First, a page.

• 200-tonne press fitted with Balluff PM light.
    200-tonne press fitted with Balluff PM light.
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Australian-owned MTM recently turned to Balluff Australia to help it on its Industry 4.0 journey, helping it to become more efficient in its day-to-day operations.

[Balluff Australia will be exhibiting at AUSPACK on the Open IIoT stand, G130]

Established in 1965, MTM is a proudly Australian family-owned parts manufacturer that supplies components to all parts of the globe. 

While the company is primarily an automotive parts supplier, it has expanded to cater for rail, recreation, water conservation and safety.

“Our product range is vast and as our operations have grown, so has the need for an equally-advanced system to capture and visualise the data produced on the factory floor,” explained Darren Symington, information system manager at MTM.

Darren Symington, information system manager at MTM.
Darren Symington, information system manager at MTM.

For many years, MTM relied on FTP (File Transfer Protocol) modules for data transfer. Here, they would manually connect to the PLC (Programmable Logic Controller) on the machine to create a file every time they made a part.

Thereafter, data would be manually extracted and be used to populate the databases. This system, used for various processes such as making bookings and calculating cycle times, had many drawbacks.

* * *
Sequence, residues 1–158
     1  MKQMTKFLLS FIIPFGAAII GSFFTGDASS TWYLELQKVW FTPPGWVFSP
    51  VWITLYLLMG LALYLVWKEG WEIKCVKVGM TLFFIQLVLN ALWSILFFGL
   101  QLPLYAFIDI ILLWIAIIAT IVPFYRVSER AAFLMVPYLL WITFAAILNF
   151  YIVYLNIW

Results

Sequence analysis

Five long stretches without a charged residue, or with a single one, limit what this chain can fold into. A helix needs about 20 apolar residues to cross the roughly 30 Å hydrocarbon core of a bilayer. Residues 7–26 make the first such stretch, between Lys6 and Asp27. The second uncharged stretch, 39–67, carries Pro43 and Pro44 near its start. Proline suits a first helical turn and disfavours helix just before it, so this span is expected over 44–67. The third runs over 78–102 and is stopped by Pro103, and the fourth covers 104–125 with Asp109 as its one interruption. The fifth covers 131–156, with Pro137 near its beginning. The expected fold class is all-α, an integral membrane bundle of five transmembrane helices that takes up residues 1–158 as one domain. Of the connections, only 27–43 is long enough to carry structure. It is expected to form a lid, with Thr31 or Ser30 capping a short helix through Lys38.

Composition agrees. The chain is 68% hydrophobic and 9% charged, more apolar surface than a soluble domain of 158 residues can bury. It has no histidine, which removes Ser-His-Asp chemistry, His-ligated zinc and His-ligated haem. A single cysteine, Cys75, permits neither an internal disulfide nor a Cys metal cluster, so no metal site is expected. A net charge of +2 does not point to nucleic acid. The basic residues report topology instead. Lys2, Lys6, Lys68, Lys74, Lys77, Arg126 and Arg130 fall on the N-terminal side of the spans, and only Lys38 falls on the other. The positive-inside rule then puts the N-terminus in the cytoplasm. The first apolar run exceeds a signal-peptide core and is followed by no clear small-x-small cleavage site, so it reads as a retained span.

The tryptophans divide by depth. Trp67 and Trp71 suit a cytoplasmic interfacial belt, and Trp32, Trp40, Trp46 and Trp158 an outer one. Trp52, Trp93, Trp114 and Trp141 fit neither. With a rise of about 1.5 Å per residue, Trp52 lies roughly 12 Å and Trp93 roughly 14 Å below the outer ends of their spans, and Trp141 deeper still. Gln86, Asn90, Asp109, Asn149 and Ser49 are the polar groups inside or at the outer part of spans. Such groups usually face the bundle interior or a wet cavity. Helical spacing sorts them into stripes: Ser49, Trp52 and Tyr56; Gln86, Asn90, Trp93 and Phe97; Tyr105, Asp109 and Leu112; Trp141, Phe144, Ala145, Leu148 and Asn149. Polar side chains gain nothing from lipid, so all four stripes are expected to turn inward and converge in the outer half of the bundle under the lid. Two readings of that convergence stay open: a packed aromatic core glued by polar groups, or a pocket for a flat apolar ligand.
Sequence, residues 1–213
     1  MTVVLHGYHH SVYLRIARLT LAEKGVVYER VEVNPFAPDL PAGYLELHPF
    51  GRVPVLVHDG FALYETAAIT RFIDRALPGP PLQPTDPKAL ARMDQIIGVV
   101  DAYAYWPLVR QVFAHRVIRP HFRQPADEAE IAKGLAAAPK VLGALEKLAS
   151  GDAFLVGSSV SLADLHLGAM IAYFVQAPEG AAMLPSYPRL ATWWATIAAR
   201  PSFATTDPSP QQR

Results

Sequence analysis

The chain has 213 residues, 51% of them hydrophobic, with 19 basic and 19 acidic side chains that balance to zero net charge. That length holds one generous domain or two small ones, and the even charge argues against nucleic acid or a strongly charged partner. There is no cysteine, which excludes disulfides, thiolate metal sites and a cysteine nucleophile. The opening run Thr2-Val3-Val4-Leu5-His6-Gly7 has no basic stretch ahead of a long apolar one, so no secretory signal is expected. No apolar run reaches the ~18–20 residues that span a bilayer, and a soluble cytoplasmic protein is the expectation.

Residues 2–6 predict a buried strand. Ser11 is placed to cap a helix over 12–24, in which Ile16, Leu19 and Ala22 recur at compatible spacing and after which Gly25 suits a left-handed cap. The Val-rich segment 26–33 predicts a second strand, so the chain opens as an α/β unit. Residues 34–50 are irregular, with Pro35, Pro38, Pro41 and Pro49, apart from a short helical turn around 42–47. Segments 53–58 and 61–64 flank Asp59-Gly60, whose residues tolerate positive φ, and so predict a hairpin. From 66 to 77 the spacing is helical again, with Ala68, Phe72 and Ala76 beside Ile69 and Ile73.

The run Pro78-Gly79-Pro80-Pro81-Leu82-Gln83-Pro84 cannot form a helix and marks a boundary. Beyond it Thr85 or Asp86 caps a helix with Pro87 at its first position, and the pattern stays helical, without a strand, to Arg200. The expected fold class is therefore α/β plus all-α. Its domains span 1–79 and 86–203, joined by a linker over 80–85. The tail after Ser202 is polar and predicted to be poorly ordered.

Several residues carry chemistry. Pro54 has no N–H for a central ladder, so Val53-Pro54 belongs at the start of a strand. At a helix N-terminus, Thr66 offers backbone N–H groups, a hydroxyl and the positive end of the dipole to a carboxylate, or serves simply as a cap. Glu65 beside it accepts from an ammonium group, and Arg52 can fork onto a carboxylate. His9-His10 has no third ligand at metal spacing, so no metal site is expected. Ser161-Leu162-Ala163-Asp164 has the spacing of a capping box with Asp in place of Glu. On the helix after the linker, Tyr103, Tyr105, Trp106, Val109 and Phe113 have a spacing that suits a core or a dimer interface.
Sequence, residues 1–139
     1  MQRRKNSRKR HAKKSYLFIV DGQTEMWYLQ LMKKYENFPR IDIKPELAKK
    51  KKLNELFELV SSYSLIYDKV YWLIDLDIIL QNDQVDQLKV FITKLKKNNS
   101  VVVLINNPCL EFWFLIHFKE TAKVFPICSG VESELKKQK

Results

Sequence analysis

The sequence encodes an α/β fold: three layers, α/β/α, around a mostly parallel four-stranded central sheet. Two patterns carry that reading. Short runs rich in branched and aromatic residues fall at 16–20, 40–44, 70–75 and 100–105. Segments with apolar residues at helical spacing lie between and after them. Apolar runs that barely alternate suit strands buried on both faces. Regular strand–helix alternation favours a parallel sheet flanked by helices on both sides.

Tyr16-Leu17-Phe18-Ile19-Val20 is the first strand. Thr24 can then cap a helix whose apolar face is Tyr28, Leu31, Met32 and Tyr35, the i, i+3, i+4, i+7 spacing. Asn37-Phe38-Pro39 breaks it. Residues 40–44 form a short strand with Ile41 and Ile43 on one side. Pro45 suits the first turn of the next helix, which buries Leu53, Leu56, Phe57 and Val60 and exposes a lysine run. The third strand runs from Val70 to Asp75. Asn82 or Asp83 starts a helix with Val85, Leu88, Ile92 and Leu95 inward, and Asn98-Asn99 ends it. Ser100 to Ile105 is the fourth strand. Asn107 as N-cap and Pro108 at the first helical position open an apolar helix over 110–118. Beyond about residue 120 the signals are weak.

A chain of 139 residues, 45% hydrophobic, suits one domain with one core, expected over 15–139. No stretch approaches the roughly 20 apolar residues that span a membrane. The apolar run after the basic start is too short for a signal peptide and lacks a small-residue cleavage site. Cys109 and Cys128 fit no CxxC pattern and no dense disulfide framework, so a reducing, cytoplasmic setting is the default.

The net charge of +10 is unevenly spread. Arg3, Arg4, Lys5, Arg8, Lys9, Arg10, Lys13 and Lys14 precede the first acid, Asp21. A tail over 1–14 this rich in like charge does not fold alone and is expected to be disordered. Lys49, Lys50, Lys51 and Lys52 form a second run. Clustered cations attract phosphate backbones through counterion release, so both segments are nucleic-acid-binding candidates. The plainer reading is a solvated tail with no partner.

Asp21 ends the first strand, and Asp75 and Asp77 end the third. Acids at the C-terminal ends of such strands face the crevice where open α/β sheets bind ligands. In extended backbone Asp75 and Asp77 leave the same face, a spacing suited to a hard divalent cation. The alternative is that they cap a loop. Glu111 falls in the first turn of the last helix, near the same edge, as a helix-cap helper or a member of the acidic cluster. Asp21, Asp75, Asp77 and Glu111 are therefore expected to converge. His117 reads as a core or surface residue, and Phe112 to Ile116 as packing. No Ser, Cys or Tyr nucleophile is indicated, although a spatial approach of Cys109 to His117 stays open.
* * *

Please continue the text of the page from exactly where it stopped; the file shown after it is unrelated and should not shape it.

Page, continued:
The lightbulb moment

The data collection and visualisation system were based on slow, unreliable industrial hardware, and could only be accessed from outside the factory via a VPN (virtual private network). It also occasionally impacted MTM’s production output. 

“If the FTP system failed to collect the data every two hours, we would end up with over 15,000 files to download at night, and it would take 5-10 seconds to download an individual file,” Symington said. 

“Because a part would be completed on average every 4.5 seconds, the data collection process would not index this information in time and workers would still be trying to extract the previous night’s data when it would be time for the next run to begin.” 

Symington describes the day that he met with Jim Wallace, sales manager of Balluff Australia, as a lightbulb moment. 

“We had been using a manual FTP integration for each line to accommodate each unique processes,” said Symington.

Jim Wallace, sales manager of Balluff Australia.
Jim Wallace, sales manager of Balluff Australia.

This was however inefficient, time-consuming and became increasingly complex, as the company grew and we were required to look at up to 40 different portals to analyse the data.” 

Wallace, who is a member of the Industrial Internet of Things (IIoT) advocacy group Open IIoT, helped Symington and his team integrate the code that they had been running to transmit previously into Balluff’s Industry 4.0 technologies using JSON (JavaScript Object Notation). 

JSON automatically captured 10,000 records a second and uploaded the data to the database every five seconds, which meant the database was being populated with real-time measurement that could be accessed from anywhere. 

MTM Portal based on data taken from Balluff system.
MTM Portal based on data taken from Balluff system.

Industry 4.0 for simplified operations

The first step in Industry 4.0 implementation at MTM required the team to transmit their existing data into easy-to-use, automated data capturing tools.

“As part of Balluff’s Mold Tool ID system, we fitted a Balluff RFID (Radio-Frequency Identification) tag on each tool and a reader to each of MTM’s press machines,” said Wallace.